Kaiser Wilhelm II -||- Wilhelm's Chancellors -||- Admiral von Tirpitz and the Naval Race -||- Alliance with Austria-Hungary -||- Relations with Europe -||- Internal Discontent and new Social Orders -||- Industry and Economy -||- The Schlieffin Plan -||- World War I
~~~~~-Wilhelm II's Germany-~~~~~
World War I
Once it started it happened quickly. Austria-Hungary declared war on the Balkans for the assassination of the Arch-Duke Franz Ferdinand. When that happened, the Balkans appealed to the Russians for help, and so the Russians armed and prepared to invade Austria.
Germany then declared war on Russia and put the Schlieffen Plan into
action, to have France before Russia arrived.
The action had France and Britain declare war on Germany.
This happened in a matter of days.
At first, the European community was excited at the prospect of war.
It brought back memories of the old honorable heroes of nobility and
duty. Add to that, they all
expected to be home by Christmas. Only
a few guessed that the coming conflict would be disastrous.
Included was the socialist Jean Jaures, who said: “From a European war a revolution may spring up and the ruling classes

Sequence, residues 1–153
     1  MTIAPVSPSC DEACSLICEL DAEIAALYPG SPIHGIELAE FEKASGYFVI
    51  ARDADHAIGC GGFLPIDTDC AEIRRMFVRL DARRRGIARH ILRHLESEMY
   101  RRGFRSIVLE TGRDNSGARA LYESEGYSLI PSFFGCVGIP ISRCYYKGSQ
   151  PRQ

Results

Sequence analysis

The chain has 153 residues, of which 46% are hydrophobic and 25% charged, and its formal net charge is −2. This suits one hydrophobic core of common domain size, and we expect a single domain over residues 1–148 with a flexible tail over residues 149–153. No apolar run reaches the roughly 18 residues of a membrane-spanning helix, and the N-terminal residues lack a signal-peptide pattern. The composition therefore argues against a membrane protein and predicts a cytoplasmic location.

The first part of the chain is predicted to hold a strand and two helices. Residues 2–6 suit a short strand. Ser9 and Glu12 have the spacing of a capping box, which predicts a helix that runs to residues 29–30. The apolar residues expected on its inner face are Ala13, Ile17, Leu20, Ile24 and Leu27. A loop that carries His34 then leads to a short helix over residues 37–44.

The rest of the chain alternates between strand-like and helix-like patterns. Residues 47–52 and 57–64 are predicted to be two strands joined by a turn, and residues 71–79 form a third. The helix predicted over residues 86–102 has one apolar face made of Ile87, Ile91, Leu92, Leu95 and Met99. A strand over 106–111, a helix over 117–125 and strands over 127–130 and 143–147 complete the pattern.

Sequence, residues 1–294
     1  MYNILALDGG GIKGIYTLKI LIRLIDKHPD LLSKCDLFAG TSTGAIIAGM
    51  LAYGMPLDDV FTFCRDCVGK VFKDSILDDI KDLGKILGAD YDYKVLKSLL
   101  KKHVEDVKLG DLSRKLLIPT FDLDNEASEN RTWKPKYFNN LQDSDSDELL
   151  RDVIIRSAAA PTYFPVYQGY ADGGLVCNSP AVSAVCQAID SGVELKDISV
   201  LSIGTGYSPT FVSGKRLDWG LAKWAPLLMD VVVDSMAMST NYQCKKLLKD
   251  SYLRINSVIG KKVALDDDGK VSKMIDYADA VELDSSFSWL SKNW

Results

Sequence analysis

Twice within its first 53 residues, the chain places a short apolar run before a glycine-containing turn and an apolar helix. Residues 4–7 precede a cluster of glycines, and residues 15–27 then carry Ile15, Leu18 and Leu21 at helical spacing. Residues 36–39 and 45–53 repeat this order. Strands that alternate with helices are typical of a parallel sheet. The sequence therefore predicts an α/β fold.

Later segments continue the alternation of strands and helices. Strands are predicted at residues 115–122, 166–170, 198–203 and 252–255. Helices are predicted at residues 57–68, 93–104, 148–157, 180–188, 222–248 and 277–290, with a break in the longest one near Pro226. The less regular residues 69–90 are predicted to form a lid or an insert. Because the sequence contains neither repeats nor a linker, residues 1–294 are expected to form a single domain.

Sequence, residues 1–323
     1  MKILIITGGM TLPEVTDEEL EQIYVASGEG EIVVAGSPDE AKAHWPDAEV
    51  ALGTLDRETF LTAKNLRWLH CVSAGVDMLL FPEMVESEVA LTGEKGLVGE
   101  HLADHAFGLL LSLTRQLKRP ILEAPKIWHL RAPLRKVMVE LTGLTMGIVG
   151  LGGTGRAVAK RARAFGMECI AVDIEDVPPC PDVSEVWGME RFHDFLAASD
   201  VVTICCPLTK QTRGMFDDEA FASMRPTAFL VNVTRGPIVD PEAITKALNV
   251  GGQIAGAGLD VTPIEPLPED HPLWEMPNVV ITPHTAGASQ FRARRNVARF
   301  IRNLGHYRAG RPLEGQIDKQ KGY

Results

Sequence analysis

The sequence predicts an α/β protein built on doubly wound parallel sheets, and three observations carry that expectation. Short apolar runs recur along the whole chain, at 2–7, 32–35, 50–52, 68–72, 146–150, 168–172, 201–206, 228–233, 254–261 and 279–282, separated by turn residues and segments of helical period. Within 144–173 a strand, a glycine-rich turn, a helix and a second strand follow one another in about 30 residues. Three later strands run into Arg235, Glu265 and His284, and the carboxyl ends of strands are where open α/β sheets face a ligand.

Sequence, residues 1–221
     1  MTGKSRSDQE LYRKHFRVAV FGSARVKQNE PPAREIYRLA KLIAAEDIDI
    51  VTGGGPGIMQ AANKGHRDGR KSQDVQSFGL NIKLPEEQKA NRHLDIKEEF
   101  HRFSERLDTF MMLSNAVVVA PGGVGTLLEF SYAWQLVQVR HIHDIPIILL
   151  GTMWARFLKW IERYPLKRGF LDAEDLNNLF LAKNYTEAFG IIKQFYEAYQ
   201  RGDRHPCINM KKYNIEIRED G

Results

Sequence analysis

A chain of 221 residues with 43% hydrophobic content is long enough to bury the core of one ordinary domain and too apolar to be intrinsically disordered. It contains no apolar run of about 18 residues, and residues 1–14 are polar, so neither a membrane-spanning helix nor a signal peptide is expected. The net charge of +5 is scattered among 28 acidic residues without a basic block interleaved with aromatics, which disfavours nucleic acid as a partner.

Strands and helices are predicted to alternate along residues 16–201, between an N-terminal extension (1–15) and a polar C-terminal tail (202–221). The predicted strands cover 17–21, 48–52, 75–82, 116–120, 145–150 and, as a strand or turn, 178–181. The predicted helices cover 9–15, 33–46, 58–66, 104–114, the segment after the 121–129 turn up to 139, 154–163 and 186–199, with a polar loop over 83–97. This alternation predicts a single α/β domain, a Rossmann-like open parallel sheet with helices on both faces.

would do well to think of this. But
it may also result, over a long period, in crises of counter-revolution, of
furious reaction, of exasperated nationalism, of stifling dictatorships, of
monstrous militarism, a long chain of retrograde violence”
It is almost scary how accurate that prediction was.
The World War was a bloody one, leading to great losses of lives but it
had to happen.
I believe it was the transitional period between old day and modern day.
In World War I, Generals were still using horse cavalry, and sending
soldiers out with swords and not guns. The
War would allow great leaps of technology, such as the invention of tanks, new
guns, and improvements on airplanes, battleships, submarines and the technique
of war in general. The only thing
negative about this was that it was progress in learning how to kill each other,
not save one another.
Socially, it brought an end to the absolute power of the old monarchies
and opened up a right for the voices of the people.
Many royal families ‘died’ at the end of World War I.
Even though they have royal blood living in the country today, these have
no claim to any ceremonial throne, nor do they or the people want it. The Hohenzollern’s (the Kaiser’s family), the Romanovs
(of Russia) and the Habsburgs were amongst these.
The was (as Lenin said) ‘a mighty
accelerator of events’ and led to many revolutions.
These were the Bolshevik ones of Russia, and the Fascist ones of Italy
and eventually, Germany.